Did quantitative easing cause gas price volatility?


Dear John: Your recent piece on gasoline prices highlights one of the unique characteristics of the US economy.

We are the largest oil and gas producer and the largest market for oil and gas. Conditions that are great for producers help us. Conditions that are great for consumers help us.

Yet the bipolar nature of our position also tends to dampen oil price swings. My sister works in Aramco’s forecasting office in Houston and has an excellent understanding of the Saudis — oil-wise. Aramco (the Saudi oil company) has divided the oil business into different periods.

One is from 1920-1972, when the “Seven Sisters” oil companies kept things stable. That ended when US production declined and we needed the Middle East oil, from 1972 to 2012.

Producers set prices, often to the detriment of consumers. Since 2012 and the rise of shale oil, there has been a marked increase in price stability, coinciding with the [increasing] balance between US production and consumption. No other commodity market has a combination producer/consumer like oil.

Some increases are good for the US economy, and some decreases are good. If the prices stay in that narrow band of fluctuation, we have a fairly stable system and overall that is good.

My sister did point out one thing: Ten years ago speculators ran rampant in the oil price markets. Their efforts did real damage, especially since the banks were using Fed free funds. Today, the banks and other speculators are a fraction of what they were in market influence.

I am curious, though, how much of that is due to the termination of quantitative easing’s free money. It would be an interesting column: what the impact was and the unintended consequences of the Fed’s QE blitz. J.B.

Dear J.B. Some day historians will look back on quantitative easing — the wanton printing of money by the Fed in response to the Great Recession — and decide the impact. The problem is that all that QE money is still in the monetary system, and the Fed seems unwilling and unable to drain it, despite assurances when all this began that this would be easy.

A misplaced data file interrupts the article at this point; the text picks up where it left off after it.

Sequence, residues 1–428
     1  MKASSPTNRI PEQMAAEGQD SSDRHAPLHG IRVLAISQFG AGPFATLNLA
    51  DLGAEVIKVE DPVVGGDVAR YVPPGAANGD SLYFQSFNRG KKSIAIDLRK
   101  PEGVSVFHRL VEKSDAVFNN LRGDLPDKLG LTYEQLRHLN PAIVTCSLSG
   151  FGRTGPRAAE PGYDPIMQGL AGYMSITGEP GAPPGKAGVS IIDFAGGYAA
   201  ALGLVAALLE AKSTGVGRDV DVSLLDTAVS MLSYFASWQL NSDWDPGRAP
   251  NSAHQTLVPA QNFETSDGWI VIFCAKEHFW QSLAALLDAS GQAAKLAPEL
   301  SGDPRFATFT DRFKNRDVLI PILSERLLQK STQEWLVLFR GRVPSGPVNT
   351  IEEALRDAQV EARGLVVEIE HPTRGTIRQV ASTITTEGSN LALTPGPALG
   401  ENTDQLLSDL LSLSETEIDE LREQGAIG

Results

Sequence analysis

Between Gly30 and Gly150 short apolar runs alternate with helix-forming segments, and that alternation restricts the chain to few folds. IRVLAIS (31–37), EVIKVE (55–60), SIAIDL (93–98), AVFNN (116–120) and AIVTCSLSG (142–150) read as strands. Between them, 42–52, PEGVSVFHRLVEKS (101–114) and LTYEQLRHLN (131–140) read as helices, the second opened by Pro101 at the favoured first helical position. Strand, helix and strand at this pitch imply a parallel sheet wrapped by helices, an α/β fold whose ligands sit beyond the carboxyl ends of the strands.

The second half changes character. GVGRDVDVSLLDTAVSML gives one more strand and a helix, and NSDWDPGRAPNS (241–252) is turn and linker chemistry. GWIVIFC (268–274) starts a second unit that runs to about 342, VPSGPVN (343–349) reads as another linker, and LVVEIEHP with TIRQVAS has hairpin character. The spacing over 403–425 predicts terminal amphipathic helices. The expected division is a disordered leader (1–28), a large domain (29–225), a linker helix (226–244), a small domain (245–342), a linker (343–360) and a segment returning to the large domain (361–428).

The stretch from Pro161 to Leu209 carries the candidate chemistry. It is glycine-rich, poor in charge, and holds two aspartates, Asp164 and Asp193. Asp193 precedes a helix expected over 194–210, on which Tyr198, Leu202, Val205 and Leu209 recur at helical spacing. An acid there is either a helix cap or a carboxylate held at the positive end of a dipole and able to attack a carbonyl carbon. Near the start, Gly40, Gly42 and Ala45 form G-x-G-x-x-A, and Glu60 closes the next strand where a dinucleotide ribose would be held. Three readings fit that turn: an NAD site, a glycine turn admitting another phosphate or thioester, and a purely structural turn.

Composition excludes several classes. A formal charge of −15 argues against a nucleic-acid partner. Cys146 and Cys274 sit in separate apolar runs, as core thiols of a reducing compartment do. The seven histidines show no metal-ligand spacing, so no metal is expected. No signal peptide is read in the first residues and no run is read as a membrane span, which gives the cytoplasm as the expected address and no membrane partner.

So we aren’t going to know the effect of QE until long after it has ended. That’s historian territory.

As for gas and oil: Maybe you can pull up charts to show me otherwise, but my on-the-ground perspective says that it is as volatile as ever. And market manipulators are as busy as ever.

But I hope you are right on those last two things.

Dear John: I have a 2011 Hyundai Sonata and find the recalls reassuring.

I have never had a problem on the road with any of my Hyundais. I actually thank Hyundai for staying on top of things.

As a former mechanic I can appreciate the importance of that. I also had a 2002 Sonata and traded it in last year for a 2017 Tuscon.

I have never had a serious problem with any of my Hyundai cars. All the recalls have been handled quickly and efficiently. I think that you get a lot of value for the buck with them too. J.B.

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